Department of Urology

Changfeng Tai, PhD

  • Professor of Urology and Pharmacology, University of Pittsburgh

Dr. Changfeng Tai, Ph.D. is a Professor in the Department of Urology. Dr. Tai’s research interests include mechanisms underlying neuromodulation of an overactive bladder and restoring bladder function after spinal cord injury. Dr. Tai is a published author of many articles, abstracts, and book chapters, holds several patents, and is a member of the Editorial Board of the Journal of Neurourology and Urodynamics and Frontiers in Autonomic Neuroscience. Dr. Tai is also a Senior Member of the Institute of Electrical and Electronics Engineers (IEEE), and is Principal Investigator on several current research projects.

Research Interests

Design and development of new neural prosthetic devices to restore urinary functions in neurological disorder conditions.

Special interests are focused on the control of both bladder and sphincter using electrical nerve stimulation. One of the goals for this research project is to restore the functions for urine storage and elimination after spinal cord injury.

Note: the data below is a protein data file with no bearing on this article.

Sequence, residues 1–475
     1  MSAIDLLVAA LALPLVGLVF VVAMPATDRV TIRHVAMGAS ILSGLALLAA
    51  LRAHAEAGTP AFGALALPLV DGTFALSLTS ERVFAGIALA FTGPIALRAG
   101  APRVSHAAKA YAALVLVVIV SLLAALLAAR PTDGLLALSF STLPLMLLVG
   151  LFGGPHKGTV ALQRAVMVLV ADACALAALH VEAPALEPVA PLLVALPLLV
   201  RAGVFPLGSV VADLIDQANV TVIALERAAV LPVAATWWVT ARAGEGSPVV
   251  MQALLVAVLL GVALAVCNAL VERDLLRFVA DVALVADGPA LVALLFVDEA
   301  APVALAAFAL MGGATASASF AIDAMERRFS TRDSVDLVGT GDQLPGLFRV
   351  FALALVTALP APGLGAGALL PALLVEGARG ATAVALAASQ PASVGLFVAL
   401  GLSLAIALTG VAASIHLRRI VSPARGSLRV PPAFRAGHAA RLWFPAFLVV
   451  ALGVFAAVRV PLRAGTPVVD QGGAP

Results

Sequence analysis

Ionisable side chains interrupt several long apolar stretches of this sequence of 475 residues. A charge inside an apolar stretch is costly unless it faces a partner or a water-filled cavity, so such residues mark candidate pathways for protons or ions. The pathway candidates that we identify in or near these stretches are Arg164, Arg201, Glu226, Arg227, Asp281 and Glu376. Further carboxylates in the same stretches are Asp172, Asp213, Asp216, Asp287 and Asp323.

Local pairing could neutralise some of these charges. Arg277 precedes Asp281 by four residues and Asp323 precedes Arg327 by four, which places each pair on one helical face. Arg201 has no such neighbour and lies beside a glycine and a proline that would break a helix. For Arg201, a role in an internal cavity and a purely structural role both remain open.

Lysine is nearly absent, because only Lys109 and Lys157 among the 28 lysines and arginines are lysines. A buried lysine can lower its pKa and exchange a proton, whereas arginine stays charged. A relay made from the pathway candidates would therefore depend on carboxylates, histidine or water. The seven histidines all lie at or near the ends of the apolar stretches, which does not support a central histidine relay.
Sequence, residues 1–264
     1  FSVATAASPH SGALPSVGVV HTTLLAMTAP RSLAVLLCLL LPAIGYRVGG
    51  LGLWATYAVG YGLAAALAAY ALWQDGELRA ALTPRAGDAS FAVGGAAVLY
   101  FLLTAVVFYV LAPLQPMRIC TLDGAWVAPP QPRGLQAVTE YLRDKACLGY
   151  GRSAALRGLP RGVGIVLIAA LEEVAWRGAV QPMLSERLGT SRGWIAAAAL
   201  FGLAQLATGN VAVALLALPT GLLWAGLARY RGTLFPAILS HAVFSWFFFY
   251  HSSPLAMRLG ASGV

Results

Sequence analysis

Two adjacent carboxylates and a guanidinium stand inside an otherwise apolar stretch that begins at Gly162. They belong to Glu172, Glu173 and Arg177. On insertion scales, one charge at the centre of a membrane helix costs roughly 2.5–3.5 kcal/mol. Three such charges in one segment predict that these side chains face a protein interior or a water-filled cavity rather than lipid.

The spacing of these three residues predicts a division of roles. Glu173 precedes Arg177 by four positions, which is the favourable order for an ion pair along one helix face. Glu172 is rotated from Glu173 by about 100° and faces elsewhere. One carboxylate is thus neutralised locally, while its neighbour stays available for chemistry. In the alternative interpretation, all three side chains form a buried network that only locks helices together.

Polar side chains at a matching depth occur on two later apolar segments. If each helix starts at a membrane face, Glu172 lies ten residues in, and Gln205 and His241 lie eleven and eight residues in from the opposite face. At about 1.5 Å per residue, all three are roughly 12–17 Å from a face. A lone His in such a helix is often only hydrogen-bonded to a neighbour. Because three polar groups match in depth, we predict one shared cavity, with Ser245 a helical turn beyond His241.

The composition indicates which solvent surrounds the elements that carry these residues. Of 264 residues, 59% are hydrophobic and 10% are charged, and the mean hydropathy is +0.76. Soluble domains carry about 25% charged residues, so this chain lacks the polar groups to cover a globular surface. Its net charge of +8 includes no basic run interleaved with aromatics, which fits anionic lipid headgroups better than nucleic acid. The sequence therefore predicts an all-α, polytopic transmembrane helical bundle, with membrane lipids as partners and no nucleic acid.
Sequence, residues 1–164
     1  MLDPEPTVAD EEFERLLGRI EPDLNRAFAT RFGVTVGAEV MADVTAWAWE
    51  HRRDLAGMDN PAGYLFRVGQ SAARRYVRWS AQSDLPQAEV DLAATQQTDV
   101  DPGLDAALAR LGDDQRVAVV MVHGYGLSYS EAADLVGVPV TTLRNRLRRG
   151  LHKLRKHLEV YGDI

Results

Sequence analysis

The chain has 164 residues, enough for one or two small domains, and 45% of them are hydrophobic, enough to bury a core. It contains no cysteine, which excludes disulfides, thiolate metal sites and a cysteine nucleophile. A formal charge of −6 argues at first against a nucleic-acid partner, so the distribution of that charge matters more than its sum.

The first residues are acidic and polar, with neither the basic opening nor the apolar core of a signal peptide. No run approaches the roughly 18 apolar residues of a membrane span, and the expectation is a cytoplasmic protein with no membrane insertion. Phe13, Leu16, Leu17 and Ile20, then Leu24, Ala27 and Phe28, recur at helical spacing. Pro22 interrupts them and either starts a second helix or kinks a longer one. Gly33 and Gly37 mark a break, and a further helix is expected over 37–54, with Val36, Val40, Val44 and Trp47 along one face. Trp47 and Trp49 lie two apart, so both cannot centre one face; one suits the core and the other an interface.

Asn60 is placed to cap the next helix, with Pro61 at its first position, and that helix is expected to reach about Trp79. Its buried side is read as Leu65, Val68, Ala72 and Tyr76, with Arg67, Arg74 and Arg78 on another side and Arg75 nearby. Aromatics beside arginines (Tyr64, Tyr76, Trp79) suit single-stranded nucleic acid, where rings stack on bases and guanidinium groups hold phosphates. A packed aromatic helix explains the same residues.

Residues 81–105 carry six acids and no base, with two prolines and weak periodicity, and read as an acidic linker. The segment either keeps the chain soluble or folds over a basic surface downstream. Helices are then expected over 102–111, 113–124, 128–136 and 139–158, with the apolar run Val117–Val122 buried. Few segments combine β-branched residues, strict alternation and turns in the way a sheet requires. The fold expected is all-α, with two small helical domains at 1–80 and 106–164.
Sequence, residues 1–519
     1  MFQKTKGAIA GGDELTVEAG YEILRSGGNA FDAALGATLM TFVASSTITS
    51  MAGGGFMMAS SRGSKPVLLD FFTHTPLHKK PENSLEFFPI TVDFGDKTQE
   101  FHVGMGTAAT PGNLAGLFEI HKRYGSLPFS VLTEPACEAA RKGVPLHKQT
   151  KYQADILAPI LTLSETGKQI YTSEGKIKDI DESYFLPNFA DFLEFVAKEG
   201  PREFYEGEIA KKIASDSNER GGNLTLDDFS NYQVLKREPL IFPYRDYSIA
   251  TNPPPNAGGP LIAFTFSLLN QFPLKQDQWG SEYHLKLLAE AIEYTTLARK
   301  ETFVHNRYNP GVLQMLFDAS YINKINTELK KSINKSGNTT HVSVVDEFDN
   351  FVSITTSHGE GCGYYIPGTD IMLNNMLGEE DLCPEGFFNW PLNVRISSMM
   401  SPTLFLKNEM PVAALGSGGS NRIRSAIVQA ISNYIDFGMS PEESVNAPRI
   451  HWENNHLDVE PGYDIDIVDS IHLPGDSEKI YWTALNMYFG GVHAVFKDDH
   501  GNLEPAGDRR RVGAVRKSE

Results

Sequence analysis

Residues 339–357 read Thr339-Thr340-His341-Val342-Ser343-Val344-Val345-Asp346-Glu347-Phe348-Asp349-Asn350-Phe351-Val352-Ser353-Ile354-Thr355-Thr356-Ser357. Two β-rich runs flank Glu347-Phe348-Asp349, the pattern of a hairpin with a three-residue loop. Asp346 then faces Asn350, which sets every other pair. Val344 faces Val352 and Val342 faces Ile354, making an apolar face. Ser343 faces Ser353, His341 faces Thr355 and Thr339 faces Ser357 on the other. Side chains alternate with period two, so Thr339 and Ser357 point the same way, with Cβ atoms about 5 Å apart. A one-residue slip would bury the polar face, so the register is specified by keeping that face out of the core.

Two urological problems need to be solved in people with spinal cord injury:

  1. How to inhibit the bladder over-activity during urine storage to prevent the frequent incontinence.
  2. How to inhibit the tonic contractions of urethral sphincter during voiding to completely eliminate urine.

Modeling analysis of electrical nerve stimulation.

This project is aimed at understanding the mechanisms and biophysics of nerve response to extra-cellular electrical stimulation. It is focused on how to design the stimulation electrodes and stimulation waveforms to either excite or block the nerves using electrical current. Modeling and computer simulations are extensively used in this project to elucidate the mechanisms underlying the axonal response to electrical stimulation. The results from this project could significantly improve the design of neural prosthetic devices to restore functions after neurological disorders.

Understanding the neurophysiology and neuropharmacology of the lower urinary tract.